Many travelers continue from Chiang Mai to the scenic Golden Triangle, where Thailand meets Myanmar and Laos. There, the charming Chiang Rai is a must see. Make sure to visit the temples of Wat Rong Khun (or White Temple) and Wat Rong Khun (which actually is no longer a temple), Wat Tham Pla, where you will be able to admire wild macaques, and Wat Phra Kaew, which once house the Emerald Buddha now housed in Bangkok.
Chiang Rai is another great hiking destination – make sure to hit Lam Nam Kok National Park for trails to the stunning Khun Kon waterfalls.
If you are tight on time, you will be glad to know that you can actually visit Chiang Rai on day trips from Chiang Mai. You can book yours here.
Other northern destinations include sleepy Lampang and the small Sukhothai, one of Thailand’s ancient capitals.
Sukhothai Thani is best known for its Sukhothai Historical Park, a UNESCO site where you can visit the ruins of the 13th century Sukhothai Kingdom. The park is nicely surrounded by old city walls and inside there are 26 temples, a royal palace, stupas and more.
Make sure not to miss Wat Mahathat temple, home to nine stupas and two 9-meter tall Buddha images. Other interesting temples are Wat Si Sawai, the oldest in the park; and Wat Sa Si, which is at the center of a scenic lake. You will also want to visit the former royal palace of Noen Prasat.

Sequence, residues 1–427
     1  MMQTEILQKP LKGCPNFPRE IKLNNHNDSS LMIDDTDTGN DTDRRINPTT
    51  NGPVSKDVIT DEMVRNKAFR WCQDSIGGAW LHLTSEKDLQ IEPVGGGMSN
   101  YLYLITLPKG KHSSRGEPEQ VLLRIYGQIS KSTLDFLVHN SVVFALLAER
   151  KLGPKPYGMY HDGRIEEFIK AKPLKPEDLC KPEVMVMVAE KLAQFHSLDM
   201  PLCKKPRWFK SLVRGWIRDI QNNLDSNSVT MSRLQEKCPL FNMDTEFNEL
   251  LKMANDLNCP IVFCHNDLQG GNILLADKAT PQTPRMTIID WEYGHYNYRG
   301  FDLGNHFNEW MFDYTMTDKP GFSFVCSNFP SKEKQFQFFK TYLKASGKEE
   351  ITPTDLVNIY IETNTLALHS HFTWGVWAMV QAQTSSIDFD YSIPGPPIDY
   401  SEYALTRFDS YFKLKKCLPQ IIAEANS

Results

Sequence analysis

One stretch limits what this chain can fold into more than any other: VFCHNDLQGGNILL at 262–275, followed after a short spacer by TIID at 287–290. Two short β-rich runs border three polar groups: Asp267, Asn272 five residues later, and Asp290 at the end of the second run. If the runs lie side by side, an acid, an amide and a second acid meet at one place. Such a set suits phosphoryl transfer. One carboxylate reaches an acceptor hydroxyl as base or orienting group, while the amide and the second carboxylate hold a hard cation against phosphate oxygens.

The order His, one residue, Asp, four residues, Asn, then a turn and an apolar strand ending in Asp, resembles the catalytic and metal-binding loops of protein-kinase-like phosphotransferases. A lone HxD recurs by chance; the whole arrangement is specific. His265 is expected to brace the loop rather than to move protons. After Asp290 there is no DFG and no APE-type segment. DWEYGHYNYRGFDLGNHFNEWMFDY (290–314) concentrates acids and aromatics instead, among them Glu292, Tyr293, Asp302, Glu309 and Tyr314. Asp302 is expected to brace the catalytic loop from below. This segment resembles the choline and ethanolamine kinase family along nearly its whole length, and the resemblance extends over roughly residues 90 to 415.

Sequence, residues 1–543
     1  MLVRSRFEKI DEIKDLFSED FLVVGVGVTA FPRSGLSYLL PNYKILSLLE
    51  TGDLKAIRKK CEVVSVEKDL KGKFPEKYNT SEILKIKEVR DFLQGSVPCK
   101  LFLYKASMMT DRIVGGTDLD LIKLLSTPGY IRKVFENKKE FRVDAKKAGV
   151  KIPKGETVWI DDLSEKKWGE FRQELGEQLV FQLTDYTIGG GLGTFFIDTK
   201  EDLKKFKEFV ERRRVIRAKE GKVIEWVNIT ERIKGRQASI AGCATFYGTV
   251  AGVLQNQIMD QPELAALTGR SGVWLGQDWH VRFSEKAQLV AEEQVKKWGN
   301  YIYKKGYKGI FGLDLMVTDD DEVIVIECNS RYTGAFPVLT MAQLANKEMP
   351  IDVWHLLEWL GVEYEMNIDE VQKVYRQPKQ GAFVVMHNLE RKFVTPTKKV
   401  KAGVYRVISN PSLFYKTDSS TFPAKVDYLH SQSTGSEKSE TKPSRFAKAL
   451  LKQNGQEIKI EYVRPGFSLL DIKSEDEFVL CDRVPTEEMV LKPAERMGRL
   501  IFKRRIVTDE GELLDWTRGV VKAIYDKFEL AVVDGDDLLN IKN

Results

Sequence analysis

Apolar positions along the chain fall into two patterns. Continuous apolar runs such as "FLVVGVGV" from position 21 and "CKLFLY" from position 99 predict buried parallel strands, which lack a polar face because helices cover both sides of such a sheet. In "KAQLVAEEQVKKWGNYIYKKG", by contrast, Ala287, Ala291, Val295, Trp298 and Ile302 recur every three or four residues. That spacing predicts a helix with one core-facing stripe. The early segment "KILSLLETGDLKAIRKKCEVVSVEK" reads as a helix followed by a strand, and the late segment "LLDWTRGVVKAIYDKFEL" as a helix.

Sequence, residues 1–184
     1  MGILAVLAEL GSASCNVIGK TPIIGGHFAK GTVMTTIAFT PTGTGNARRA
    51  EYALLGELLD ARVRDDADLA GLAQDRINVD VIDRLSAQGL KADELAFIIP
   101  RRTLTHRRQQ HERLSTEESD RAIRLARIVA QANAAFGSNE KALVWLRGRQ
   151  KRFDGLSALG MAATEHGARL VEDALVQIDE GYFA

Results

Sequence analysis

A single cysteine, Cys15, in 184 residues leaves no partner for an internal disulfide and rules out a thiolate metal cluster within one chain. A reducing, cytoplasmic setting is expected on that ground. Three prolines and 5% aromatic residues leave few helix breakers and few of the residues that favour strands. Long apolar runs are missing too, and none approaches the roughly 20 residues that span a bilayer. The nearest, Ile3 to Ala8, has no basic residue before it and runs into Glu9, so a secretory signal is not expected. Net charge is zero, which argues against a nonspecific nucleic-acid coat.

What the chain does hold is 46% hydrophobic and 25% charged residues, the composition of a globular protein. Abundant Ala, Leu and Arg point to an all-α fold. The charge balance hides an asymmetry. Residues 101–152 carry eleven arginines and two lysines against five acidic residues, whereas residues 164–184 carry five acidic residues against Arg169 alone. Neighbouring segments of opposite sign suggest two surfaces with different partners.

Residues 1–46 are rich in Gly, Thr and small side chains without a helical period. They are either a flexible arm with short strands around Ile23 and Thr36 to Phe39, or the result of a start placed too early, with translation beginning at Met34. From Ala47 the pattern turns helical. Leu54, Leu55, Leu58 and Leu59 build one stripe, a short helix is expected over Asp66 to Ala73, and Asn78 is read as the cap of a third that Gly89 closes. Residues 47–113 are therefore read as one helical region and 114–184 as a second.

For a guided tour of Sukhothai Historical Park, click here.
Pai is a small town in the province of Mae Hong Son, close to the border with Myanmar. It’s now becoming a more popular tourist destination for people who enjoy hiking, as there are plenty of hiking trails in this part of the country. The best hike is easily the one to Pai Canyon; but you will also want to visit the Tha Pai Hot Springs.
Make sure to climb to Wat Phra That Mae Yen for stunning valley views. And if looking for a day trip, go to Tham Lod to explore the cave system.
The Andaman Sea
When it comes to the best islands to visit in Thailand (and mainland beaches that have a similar ambiance), most are in the Andaman Sea, the idyllic portion of the Indian Ocean that laps at Thailand’s west coast. Within this sub-region, you can basically divide destinations into Phuket, Krabi and everywhere else.
Phuket and Krabi